A rotary engine is an internal combustion engine, like the engine in your car, but it works in a completely different way than the conventional piston engine.
In a piston engine, the same volume of space (the cylinder) alternately does four different jobs -- intake, compression, combustion and exhaust. A rotary engine does these same four jobs, but each one happens in its own part of the housing. It's kind of like having a dedicated cylinder for each of the four jobs, with the piston moving continually from one to the next.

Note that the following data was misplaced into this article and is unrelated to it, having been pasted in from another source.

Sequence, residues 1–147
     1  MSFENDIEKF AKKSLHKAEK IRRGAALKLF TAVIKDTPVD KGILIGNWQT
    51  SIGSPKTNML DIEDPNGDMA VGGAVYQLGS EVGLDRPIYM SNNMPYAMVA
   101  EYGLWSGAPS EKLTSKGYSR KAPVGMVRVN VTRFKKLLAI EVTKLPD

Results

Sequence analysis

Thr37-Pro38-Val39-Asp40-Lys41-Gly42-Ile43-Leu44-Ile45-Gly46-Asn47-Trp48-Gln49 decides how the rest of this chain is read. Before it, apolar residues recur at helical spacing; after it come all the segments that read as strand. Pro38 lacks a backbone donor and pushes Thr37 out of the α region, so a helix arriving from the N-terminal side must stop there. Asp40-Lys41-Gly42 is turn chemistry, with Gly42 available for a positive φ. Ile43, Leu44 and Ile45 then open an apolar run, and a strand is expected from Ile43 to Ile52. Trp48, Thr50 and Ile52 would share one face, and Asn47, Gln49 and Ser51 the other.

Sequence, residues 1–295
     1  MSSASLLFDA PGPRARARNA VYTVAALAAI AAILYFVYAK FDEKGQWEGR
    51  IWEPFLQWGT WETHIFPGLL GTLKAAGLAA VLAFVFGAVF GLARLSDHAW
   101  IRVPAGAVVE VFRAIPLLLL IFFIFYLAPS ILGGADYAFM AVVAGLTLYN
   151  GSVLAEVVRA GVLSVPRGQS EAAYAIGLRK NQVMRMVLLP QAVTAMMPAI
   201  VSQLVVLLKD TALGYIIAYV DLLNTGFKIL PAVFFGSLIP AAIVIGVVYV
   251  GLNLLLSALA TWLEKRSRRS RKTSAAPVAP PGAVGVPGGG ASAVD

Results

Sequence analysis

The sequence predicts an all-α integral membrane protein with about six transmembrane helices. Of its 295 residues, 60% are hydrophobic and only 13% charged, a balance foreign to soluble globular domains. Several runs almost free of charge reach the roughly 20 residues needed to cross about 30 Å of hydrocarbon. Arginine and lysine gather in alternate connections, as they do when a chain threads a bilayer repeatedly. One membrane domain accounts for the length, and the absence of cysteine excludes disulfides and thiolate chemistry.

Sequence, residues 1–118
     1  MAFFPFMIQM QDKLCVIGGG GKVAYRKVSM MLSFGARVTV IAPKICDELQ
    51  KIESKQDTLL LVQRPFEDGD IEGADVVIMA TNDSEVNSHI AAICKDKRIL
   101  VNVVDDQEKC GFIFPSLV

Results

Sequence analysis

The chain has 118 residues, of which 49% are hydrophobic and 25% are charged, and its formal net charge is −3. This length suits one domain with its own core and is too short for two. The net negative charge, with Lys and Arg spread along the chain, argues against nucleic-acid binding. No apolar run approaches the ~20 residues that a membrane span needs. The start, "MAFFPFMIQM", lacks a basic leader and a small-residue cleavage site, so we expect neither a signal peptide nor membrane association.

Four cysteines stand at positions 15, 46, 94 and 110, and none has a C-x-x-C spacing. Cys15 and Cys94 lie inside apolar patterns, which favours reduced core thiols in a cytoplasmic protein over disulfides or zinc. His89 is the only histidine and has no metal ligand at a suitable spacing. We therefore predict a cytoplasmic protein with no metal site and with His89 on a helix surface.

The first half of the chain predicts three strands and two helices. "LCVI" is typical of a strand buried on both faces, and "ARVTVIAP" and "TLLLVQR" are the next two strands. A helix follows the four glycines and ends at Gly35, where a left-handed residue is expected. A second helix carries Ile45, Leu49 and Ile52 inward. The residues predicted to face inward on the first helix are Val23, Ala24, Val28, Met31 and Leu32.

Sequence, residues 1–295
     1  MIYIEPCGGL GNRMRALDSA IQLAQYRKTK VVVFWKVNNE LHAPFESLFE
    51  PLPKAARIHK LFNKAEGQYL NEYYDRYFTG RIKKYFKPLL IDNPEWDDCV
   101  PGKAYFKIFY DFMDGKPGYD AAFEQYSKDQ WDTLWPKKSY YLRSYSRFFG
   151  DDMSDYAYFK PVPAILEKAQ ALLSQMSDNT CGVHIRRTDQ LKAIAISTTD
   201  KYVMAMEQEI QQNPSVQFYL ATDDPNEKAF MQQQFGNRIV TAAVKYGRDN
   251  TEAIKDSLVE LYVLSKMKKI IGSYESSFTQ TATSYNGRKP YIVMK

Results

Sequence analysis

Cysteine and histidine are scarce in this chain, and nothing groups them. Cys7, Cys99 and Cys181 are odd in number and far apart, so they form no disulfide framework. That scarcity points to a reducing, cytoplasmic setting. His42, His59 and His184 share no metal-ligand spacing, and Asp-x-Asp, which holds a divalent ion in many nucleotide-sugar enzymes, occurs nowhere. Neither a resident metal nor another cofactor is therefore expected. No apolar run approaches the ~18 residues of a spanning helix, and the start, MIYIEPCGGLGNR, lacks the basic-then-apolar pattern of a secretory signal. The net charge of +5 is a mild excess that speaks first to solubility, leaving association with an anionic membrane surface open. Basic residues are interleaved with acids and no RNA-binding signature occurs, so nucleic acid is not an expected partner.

The rotary engine (originally conceived and developed by Dr. Felix Wankel) is sometimes called a Wankel engine, or Wankel rotary engine.
In this edition of HowStuffWorks, we'll learn how a rotary engine works. Let's start with the basic principles at work.